This kind of nefarious link building spam, quite frankly, makes my fists itch! As a bona fide SEO copywriter who toils endlessly to create engaging, effective and high quality content in order to satisfy both my clients and the search engines, these black hat techniques so widely adopted bring shame upon my industry. It makes my job even harder, because the genuine SEO specialists out there have to convince people that SEO isn’t just bad content thrown together by idiots, but rather a real skill that can add value to their business. I love my job, but I hate the bad reputation that these cowboys give us.

    Are you encouraging black hat SEO?

    So the question for you guys is: are you, inadvertently, supporting black hat SEO? If you have a blog, please don’t automatically enable comments – vet them, read them, check their backlinks and the email addresses associated with them; if they seem slightly fishy, then they probably are, so hit the delete button and don’t give these forces of the dark arts the time of day. They make the Internet a worse place to be, and however many pandas or penguins may be out there, they can’t fight every murky magician, so we need to do our bit too.

    Oh, and another thing. If you think it’s just small businesses that buy into these ‘get a gazillion SEO links for £99′ schemes, you, my friend, need to think again. I won’t name and shame, but I’ve been left, mouth agape, at some of the companies associated with these tyrannical tactics. Seriously, it’s shocking stuff.

    So, please do yourself, SEO copywriters and the whole of the World Wide Web a big favour, and delete spam links from your blogs now!

    *climbs down from soapbox*

3 Responses to SEO Copywriter in Black Hat Soapbox Scandal!*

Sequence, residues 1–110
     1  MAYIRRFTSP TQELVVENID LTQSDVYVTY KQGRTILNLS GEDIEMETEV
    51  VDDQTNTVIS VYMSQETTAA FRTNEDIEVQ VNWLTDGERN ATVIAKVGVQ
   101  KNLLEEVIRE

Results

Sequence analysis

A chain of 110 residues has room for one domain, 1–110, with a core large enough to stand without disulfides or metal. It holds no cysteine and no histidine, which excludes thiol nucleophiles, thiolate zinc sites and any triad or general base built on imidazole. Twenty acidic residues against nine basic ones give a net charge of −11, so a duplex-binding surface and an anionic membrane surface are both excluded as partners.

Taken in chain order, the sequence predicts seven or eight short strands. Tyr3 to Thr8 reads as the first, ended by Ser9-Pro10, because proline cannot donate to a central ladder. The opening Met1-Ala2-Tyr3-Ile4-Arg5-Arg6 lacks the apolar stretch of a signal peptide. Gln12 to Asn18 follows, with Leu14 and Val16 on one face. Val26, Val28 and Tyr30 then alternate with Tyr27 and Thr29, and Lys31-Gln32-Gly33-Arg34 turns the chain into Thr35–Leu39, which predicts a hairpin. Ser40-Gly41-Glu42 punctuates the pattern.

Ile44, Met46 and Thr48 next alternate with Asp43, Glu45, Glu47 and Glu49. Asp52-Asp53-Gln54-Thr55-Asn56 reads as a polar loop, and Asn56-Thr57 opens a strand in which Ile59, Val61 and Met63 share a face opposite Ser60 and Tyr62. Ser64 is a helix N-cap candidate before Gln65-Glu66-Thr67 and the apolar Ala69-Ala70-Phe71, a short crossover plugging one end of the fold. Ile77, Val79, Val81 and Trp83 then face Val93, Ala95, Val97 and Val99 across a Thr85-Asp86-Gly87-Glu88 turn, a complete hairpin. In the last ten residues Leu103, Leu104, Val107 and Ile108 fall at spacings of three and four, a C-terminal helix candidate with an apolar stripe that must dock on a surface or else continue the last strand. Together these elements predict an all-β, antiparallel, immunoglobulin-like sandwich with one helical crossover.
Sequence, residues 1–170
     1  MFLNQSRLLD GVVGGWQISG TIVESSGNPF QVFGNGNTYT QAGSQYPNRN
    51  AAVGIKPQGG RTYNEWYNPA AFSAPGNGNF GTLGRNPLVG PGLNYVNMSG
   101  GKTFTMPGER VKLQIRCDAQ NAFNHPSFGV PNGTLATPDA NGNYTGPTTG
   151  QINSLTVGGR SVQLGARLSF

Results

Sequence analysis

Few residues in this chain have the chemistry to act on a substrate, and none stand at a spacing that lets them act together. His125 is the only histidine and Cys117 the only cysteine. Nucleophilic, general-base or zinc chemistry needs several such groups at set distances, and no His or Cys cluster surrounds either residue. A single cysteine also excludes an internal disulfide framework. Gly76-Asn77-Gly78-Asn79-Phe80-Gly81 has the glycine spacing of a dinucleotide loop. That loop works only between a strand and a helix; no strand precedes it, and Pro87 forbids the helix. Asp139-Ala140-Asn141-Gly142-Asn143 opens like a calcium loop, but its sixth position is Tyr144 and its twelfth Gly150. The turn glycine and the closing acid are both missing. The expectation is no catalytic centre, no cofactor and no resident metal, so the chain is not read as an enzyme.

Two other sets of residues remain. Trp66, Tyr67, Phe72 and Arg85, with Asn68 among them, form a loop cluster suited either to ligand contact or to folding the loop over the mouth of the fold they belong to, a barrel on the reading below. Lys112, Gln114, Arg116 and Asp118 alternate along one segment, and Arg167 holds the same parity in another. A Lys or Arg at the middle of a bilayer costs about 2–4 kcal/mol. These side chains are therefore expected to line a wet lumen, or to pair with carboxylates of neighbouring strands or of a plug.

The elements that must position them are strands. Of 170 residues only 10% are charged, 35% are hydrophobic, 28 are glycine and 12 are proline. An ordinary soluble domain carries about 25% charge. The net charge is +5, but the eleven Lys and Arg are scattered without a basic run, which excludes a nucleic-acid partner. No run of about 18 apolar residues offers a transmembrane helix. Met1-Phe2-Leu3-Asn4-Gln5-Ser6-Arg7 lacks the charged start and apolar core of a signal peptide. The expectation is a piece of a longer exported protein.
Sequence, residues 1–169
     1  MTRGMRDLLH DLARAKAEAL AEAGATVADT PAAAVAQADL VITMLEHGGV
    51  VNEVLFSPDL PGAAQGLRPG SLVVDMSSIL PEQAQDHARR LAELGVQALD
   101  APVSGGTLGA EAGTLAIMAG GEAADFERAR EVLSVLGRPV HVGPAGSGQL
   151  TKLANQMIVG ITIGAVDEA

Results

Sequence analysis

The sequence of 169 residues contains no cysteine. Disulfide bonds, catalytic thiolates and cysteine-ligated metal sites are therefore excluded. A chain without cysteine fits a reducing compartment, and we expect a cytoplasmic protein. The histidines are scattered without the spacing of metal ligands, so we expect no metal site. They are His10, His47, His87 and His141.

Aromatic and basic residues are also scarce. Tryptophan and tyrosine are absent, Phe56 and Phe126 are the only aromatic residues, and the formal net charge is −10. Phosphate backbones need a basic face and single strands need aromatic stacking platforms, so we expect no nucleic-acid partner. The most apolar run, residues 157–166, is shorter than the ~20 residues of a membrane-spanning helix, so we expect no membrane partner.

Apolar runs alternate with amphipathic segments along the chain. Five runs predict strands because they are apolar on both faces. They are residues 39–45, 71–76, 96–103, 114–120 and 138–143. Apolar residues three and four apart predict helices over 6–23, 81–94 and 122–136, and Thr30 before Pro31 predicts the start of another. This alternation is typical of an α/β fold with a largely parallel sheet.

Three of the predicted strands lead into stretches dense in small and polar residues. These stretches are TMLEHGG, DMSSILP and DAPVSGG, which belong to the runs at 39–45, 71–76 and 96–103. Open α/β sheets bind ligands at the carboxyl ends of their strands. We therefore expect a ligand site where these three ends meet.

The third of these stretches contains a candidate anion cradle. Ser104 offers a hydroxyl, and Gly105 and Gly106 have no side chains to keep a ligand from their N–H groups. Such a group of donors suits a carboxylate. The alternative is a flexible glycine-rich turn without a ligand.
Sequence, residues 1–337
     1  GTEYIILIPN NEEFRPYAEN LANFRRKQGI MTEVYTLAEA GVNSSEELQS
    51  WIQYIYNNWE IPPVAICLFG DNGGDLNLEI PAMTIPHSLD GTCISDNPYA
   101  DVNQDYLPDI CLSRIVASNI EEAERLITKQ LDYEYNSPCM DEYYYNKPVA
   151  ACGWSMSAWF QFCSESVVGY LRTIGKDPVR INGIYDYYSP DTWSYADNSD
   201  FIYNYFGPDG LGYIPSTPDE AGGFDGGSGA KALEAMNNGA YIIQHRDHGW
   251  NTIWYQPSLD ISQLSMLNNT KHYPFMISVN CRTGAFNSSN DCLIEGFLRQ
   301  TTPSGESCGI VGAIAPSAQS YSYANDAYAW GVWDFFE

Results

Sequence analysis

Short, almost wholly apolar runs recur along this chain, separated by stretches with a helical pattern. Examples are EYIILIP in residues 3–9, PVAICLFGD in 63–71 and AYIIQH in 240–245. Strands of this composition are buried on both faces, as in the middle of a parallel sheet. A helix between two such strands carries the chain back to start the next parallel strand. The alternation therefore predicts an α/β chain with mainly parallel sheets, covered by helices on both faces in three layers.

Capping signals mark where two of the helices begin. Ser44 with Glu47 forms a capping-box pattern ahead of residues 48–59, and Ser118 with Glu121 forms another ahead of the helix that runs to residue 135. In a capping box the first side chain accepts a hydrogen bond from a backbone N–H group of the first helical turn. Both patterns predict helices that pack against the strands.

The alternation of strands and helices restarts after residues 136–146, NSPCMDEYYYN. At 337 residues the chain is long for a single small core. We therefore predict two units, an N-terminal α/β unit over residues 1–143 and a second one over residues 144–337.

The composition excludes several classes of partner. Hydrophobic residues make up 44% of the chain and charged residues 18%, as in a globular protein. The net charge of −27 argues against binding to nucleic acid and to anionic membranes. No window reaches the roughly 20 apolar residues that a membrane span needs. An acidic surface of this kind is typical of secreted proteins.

1. Sam Blake says:

    Hi Louise,

    Great blog! Some very points there and if there was a ‘like’ or ‘agree’ button I would have clicked that now.

    From a web developer’s view, the reason why you are getting so much spam is because your website doesn’t know if the ‘user’ is human or a SPAM robot.

    Make your users prove they’re human. Many web sites use CAPTCHA to stop the SPAM robots and allow humans in by asking a question only a human would be able to answer.

    • louise says:

      Hi Sam,

      Thanks for your comment – and I totally agree. Waiting for my developer to add a CAPTCHA in so I can stop this from happening. The thing that annoys me the most is that so many of these comments are generated by SEO companies! It’s an outrage!

  2. Tim Stringer says:

    STOP THE PRESSES IT’S A REAL LIFE COMMENT

    I think you’ve hit the nail on the head with your last paragraph there Lou.

    Website owners need to realise that whilst having comments on their site encourages user interaction there definitely needs to be someone (preferably a trained someone) who monitors these comments.

    I’ve noticed recently to bypass this some people I’ve worked for have looked to use things like Facebook comments to try and cut down on the amount of spam they recieve and also increase their social interaction. Maybe something for your readers to think about.